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Alberta Premier Rachel Notley gives a year end update in Edmonton Alta, on Dec. 14, 2016. Notley says the uncertain outcome of the British Columbia election should not change the fate of the Trans Mountain pipeline expansion.


Alberta Premier Rachel Notley is warning politicians in British Columbia they do not have the power to block the controversial Trans Mountain pipeline expansion, after an election result in B.C. that could shift the province's approach to resource projects.

The governing BC Liberals support the pipeline project and granted it approval earlier this year, but last week's still unconfirmed election result means the party could be forced to rely on support from the anti-pipeline Greens to remain in power. The Greens could decide instead to back the NDP, which has vowed to do whatever it can to stop the project.

Regardless of who ends up in government, Ms. Notley said her western neighbour has neither the right nor the power to stop the $7.4-billion Trans Mountain expansion. Those decisions, she said, are entirely up to the federal government.

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Gary Mason: Rachel Notley chills as B.C. churns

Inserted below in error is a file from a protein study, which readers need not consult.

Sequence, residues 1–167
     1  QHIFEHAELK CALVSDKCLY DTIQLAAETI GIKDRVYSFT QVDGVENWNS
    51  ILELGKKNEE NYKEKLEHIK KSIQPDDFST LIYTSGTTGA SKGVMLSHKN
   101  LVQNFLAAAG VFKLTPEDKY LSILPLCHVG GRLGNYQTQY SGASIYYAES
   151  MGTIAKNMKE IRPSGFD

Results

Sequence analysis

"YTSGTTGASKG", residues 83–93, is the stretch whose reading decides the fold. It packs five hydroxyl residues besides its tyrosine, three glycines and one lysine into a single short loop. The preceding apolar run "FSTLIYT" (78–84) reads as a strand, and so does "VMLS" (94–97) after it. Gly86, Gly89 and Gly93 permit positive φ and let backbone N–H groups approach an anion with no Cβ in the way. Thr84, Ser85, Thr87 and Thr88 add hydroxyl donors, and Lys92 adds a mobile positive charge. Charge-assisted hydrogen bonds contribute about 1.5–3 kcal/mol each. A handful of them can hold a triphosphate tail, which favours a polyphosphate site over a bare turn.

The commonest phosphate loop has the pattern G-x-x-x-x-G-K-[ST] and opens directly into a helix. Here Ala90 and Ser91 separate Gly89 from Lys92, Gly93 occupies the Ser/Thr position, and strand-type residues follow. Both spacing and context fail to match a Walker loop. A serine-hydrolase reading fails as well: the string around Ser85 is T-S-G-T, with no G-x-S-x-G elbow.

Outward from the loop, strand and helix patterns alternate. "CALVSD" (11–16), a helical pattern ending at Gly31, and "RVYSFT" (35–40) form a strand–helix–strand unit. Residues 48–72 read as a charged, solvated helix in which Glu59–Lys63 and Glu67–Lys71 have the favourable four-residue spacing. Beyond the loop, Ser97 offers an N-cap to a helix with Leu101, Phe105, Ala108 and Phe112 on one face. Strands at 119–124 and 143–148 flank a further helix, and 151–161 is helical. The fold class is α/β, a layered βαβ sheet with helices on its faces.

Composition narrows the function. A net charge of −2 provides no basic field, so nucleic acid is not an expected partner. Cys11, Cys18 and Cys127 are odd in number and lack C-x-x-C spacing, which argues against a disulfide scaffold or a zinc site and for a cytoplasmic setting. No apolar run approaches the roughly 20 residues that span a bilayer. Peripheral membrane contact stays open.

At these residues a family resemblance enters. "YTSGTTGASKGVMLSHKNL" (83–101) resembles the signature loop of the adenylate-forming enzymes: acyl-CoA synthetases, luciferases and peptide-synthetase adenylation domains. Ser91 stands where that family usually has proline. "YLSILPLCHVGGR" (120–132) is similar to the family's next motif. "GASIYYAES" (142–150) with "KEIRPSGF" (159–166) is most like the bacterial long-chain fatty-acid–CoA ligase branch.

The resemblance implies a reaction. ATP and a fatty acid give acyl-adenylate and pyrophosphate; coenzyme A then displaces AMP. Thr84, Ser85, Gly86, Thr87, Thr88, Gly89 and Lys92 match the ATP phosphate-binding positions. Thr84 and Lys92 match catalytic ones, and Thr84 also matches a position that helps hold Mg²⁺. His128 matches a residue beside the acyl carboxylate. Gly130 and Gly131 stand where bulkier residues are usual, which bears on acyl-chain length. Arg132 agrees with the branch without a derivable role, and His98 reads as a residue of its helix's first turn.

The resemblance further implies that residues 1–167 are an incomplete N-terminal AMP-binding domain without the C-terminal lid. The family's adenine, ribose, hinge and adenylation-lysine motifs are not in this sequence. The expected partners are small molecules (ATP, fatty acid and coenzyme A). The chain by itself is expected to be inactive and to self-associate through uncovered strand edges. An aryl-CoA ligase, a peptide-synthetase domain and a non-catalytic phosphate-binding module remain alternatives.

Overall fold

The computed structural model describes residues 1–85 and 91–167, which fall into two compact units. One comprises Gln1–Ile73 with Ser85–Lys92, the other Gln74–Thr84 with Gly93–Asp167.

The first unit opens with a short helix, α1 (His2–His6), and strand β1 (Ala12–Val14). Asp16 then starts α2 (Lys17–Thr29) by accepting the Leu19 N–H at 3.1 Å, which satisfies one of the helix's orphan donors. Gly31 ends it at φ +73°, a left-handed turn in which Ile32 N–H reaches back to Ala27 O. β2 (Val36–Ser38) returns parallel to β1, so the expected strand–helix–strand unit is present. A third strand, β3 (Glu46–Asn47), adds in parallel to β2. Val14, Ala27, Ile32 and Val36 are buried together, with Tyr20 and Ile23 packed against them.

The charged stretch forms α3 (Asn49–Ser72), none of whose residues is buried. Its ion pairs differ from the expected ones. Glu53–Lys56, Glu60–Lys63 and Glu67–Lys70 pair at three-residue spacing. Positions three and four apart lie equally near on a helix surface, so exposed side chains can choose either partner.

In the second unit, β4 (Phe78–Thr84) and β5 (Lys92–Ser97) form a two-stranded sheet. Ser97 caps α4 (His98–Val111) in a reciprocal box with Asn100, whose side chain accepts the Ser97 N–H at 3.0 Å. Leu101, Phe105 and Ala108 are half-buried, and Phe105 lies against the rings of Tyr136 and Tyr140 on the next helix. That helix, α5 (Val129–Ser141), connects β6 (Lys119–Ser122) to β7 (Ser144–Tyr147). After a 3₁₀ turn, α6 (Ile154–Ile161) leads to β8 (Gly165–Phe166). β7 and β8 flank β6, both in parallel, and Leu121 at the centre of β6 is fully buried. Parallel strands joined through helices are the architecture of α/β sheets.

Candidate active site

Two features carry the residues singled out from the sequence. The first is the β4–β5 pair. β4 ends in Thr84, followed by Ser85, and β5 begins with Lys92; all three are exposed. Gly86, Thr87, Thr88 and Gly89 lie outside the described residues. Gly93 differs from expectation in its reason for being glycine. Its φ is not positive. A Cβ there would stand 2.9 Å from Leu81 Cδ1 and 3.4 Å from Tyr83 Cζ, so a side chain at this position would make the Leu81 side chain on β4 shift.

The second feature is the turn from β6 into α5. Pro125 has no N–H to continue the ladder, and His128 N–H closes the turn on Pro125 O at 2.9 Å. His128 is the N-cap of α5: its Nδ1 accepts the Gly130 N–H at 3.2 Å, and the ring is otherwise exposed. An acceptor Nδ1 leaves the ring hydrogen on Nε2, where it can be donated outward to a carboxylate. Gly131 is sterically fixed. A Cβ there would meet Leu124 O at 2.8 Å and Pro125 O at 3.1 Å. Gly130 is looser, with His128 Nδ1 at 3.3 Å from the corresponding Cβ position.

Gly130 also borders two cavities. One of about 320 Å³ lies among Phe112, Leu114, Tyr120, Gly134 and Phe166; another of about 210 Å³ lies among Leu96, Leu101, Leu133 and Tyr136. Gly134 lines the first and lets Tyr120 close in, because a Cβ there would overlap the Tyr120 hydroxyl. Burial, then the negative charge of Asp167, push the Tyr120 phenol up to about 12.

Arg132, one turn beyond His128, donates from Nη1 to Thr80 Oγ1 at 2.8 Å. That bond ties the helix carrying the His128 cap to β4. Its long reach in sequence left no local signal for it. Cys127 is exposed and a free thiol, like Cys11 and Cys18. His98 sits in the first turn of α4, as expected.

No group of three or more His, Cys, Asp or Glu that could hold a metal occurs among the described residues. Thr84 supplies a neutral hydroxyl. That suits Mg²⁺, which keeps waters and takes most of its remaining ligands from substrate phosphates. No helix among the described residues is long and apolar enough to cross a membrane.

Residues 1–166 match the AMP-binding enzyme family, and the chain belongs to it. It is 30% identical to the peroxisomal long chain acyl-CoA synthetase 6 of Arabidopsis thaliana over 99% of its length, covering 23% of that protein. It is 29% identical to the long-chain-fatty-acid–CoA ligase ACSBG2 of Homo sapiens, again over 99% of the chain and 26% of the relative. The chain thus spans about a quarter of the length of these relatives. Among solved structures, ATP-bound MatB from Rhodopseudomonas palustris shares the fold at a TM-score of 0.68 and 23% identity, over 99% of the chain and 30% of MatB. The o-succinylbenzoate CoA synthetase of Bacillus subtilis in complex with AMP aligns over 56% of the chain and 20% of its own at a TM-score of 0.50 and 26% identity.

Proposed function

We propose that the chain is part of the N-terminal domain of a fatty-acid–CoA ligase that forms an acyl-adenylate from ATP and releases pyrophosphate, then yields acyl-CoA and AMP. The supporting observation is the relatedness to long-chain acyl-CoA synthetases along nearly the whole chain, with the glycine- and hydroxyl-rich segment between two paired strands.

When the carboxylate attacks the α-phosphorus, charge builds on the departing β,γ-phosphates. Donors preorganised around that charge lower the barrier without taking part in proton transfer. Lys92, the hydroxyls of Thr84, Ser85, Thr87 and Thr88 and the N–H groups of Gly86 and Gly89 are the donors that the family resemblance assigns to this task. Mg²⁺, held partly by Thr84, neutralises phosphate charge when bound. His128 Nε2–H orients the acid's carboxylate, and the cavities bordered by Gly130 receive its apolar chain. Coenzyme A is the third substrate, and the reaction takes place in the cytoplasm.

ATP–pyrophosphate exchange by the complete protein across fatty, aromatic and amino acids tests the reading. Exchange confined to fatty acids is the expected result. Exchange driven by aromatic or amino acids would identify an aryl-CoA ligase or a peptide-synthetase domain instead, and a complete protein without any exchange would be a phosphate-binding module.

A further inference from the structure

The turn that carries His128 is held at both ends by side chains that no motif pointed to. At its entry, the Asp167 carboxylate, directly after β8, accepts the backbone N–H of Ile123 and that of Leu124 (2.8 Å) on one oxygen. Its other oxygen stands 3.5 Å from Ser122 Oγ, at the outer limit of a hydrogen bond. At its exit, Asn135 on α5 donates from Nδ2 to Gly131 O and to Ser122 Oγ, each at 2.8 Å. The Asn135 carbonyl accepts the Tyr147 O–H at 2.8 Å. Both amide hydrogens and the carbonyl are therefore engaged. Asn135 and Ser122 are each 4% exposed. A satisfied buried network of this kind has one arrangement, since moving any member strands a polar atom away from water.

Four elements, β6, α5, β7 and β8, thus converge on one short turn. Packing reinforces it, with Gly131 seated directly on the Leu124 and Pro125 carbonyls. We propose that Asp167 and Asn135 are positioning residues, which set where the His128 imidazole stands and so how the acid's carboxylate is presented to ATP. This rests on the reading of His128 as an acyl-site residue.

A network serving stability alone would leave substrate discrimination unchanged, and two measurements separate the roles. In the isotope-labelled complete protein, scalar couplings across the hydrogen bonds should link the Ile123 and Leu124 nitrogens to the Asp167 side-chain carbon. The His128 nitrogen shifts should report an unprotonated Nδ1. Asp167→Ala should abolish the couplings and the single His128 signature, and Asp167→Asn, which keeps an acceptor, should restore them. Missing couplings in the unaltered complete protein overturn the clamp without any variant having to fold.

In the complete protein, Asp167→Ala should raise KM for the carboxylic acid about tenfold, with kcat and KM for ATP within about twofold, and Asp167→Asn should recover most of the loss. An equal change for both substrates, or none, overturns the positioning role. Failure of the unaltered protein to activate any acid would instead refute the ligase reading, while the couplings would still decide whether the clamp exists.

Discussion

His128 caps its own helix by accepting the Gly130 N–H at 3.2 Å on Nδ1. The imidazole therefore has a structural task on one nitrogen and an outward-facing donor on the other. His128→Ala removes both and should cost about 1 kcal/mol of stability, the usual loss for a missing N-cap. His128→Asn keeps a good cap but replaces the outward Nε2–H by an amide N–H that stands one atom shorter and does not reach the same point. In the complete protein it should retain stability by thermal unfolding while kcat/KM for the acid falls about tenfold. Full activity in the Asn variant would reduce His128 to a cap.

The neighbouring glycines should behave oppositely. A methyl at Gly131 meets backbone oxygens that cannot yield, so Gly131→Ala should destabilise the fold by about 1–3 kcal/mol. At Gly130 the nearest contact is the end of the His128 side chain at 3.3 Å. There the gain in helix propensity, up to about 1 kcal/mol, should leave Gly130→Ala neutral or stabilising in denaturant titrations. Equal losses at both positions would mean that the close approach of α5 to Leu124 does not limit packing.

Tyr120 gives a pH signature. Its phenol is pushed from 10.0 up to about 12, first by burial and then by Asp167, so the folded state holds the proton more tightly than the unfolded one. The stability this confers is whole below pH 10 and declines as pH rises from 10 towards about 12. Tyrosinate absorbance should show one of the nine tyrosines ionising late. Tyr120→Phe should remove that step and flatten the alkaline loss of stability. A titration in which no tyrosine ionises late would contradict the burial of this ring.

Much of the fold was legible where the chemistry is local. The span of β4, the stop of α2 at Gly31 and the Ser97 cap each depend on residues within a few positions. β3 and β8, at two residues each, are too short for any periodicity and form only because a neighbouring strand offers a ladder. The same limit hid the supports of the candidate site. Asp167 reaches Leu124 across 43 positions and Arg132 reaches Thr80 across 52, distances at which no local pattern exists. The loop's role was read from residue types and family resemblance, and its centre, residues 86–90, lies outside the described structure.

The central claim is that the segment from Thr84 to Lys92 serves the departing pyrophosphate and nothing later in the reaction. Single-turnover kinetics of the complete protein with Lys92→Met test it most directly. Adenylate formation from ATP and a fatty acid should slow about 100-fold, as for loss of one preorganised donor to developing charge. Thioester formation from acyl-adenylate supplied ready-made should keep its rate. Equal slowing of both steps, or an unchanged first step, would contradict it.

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"I fundamentally disagree with the view that one province or even one region can hold hostage the economy of another province or, in this case, the economy of our entire country," she told reporters on Tuesday.

"It is our view that there are no tools available for a province to overturn or otherwise block a federal government decision to approve a project that is in the larger national interest. If there were such tools, Canada would be less a country and more a combination of individual fiefdoms fighting with each other for advantage."

While B.C. Premier Christy Clark has given her government's approval for the pipeline, she's been non-committal since the May 9 election.

Ms. Clark has acknowledged that given the close results, she will have to work with BC Green Leader Andrew Weaver, who is an outspoken opponent of the pipeline. That holds true whether she is trying to lead a minority government – which is where current standings have her – or a slim majority, which means the Greens and their three seats hold immense power. The election's final results are expected May 24, when absentee ballots are counted.

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"I don't have an expressed view about what we are going to do with the Green Party before I've discussed it with the Green Party," Ms. Clark told reporters Tuesday. "We are in a unique time in British Columbia's history – we don't have the final result of the election yet. Let's wait until we have the final result of the election and then we'll have a little more clarity."

Mr. Weaver, in a column in The Globe and Mail, dismissed Ms. Notley's argument that Ottawa can trump B.C.